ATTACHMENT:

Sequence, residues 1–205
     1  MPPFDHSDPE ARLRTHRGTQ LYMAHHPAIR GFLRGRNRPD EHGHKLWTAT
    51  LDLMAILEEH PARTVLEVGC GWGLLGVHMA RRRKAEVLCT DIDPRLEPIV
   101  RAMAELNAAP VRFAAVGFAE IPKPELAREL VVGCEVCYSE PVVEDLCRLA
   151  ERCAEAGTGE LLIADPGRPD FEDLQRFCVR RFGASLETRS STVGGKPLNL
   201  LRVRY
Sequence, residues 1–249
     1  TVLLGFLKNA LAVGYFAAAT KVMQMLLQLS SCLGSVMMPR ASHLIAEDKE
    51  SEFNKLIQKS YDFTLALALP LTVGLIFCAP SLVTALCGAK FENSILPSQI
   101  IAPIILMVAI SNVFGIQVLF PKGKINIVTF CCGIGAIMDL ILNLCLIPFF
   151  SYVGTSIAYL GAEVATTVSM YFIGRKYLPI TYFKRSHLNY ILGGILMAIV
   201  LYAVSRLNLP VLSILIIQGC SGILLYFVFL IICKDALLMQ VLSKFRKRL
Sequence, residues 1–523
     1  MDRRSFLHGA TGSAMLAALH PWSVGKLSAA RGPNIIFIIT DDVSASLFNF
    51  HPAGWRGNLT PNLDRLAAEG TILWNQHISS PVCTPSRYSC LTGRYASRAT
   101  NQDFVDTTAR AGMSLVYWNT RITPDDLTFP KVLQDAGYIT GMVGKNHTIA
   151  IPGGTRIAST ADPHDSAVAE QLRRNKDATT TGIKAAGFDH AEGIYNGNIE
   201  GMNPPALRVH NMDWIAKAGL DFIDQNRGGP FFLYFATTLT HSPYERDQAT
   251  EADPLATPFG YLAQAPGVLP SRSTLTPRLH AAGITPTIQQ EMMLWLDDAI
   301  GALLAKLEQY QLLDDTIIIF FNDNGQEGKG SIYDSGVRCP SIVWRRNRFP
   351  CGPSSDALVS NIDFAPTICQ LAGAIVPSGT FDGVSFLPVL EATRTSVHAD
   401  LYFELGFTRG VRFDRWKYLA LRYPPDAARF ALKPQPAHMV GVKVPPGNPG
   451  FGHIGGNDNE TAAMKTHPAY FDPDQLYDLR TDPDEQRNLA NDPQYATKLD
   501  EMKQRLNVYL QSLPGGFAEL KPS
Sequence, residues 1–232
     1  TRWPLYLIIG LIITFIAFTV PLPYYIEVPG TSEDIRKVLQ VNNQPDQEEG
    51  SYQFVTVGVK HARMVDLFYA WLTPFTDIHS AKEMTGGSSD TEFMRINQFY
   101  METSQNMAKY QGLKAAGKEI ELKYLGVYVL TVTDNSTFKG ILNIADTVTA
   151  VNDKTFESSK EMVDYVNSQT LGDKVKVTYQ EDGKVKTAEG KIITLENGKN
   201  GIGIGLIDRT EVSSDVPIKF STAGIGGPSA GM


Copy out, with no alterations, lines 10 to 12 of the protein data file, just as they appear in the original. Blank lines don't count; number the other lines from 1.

   101  IAPIILMVAI SNVFGIQVLF PKGKINIVTF CCGIGAIMDL ILNLCLIPFF
   151  SYVGTSIAYL GAEVATTVSM YFIGRKYLPI TYFKRSHLNY ILGGILMAIV
   201  LYAVSRLNLP VLSILIIQGC SGILLYFVFL IICKDALLMQ VLSKFRKRL